General Question

Randy's avatar

What's the difference in an ep and a lp?

Asked by Randy (11232points) February 6th, 2008 from iPhone

I know an ep is the first album for a band but I dont know what either stands for or what the difference is.

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2 Answers

sndfreQ's avatar

Album is considered a complete body of work for the recording artist; it is termed full-length or LP (Long Play) because preceding CDs and digital downloads, record releases were on vinyl (12” polyvinyl disc).

Radio DJs used LP and EP (extended play) to differentiate between a full-length release (2 ‘sides’ of continuous content-usually between 8–12 songs) and Extended Play single releases (one song on a side of a record, usually A side containing the original version of the song that would eventually appear on the full-length LP when the album was completed), while the “B Side” or reverse side contained one or more alternate versions-usually a shortened edit for radio airplay or extended remixes, or vocal only (“A Capellas”).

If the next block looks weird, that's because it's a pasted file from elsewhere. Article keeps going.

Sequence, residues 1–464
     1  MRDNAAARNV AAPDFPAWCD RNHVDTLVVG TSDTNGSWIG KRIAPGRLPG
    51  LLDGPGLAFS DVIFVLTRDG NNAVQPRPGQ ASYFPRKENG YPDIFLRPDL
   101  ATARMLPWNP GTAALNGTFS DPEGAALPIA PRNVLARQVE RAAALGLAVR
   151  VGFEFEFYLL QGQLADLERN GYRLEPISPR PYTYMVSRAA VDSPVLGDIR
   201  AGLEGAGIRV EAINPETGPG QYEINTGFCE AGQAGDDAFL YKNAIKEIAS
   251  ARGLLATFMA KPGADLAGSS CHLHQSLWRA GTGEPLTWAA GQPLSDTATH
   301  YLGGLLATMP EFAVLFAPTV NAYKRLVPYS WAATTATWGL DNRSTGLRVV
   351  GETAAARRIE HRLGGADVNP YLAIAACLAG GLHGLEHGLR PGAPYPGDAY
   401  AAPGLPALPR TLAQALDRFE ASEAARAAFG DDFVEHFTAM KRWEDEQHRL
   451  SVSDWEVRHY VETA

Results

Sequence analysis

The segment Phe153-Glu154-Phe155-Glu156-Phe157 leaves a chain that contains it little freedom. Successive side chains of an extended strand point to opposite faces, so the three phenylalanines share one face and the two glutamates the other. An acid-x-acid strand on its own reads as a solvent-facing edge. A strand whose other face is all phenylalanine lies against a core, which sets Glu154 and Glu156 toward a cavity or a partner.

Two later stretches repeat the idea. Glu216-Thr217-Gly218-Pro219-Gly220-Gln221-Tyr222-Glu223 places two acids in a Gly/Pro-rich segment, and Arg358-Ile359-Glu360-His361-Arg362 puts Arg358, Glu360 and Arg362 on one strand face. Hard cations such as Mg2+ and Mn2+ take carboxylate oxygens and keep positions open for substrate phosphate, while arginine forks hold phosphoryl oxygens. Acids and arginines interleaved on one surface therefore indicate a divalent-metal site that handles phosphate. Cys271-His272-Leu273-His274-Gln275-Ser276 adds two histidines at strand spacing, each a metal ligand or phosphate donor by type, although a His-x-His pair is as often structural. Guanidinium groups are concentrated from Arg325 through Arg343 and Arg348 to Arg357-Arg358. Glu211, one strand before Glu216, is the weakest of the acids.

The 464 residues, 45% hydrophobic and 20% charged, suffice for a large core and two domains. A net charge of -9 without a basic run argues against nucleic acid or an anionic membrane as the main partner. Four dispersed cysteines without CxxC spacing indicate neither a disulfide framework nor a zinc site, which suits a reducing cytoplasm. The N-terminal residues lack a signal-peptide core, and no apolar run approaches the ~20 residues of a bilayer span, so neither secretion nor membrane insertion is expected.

EPs for artists these days are pre-album LP) releases which are usually devised as marketing tools to anticipate a full release. In the case of newly signed artists record labels release singles or EPs to test market the artist to find out where the target audiences and regions are demographically speaking, so that the full length LP/album release is carried out more efficiently/cost effectively. Another benefit for labels is that there is less production cost associated with a limited EP release and sometimes artists are signed to mini contracts on the contingency that if the initial EP does well the label will fund the remaining album budget and carry the full-length LP release to market.

artemisdivine's avatar

terrific link at bottom…

Vinyl record formats: Columbia Records’ 12-inch (30 cm) Long Play (LP) 33⅓ rpm microgroove record versus RCA Victor’s 7-inch (17.5 cm) / 45 rpm Extended Play (EP) during the years 1948–1950. Ended in a compromise because each format found a separate marketing niche, and record players were redesigned to use either type. Both formats nearly disappeared with the rise of the Compact Disc, though vinyl records are still used by niche audiences such as disk jockeys and audiophiles. Also, many newer albums have seen special limited edition releases on LP format.

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